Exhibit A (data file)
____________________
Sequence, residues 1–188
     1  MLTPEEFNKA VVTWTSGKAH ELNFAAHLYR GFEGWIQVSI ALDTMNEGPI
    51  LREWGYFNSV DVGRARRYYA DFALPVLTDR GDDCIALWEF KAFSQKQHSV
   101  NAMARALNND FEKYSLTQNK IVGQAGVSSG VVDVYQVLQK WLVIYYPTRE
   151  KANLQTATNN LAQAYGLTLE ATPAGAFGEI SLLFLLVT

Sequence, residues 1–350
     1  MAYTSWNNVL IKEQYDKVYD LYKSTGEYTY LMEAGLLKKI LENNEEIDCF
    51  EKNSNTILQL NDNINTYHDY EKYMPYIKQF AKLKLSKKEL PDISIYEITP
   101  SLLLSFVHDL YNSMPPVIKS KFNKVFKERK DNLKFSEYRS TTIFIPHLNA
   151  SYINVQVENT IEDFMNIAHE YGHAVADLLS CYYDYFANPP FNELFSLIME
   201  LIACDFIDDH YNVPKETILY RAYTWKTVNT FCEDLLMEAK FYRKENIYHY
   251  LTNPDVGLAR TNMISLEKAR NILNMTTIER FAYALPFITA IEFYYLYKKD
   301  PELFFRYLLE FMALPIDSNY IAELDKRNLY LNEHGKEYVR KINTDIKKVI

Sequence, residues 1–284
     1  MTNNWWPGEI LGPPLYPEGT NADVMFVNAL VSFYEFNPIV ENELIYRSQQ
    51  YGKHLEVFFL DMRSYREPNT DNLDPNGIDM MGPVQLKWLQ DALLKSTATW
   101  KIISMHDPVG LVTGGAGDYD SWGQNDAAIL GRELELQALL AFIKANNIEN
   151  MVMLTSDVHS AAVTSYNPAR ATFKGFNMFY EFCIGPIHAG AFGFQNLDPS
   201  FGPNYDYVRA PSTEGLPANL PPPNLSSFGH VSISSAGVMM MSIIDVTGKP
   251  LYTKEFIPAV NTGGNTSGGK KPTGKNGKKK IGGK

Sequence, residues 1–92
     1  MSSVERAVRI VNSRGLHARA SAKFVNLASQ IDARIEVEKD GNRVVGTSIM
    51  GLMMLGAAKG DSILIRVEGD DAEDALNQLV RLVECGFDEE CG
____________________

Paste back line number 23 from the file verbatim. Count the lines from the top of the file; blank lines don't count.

    51  GLMMLGAAKG DSILIRVEGD DAEDALNQLV RLVECGFDEE CG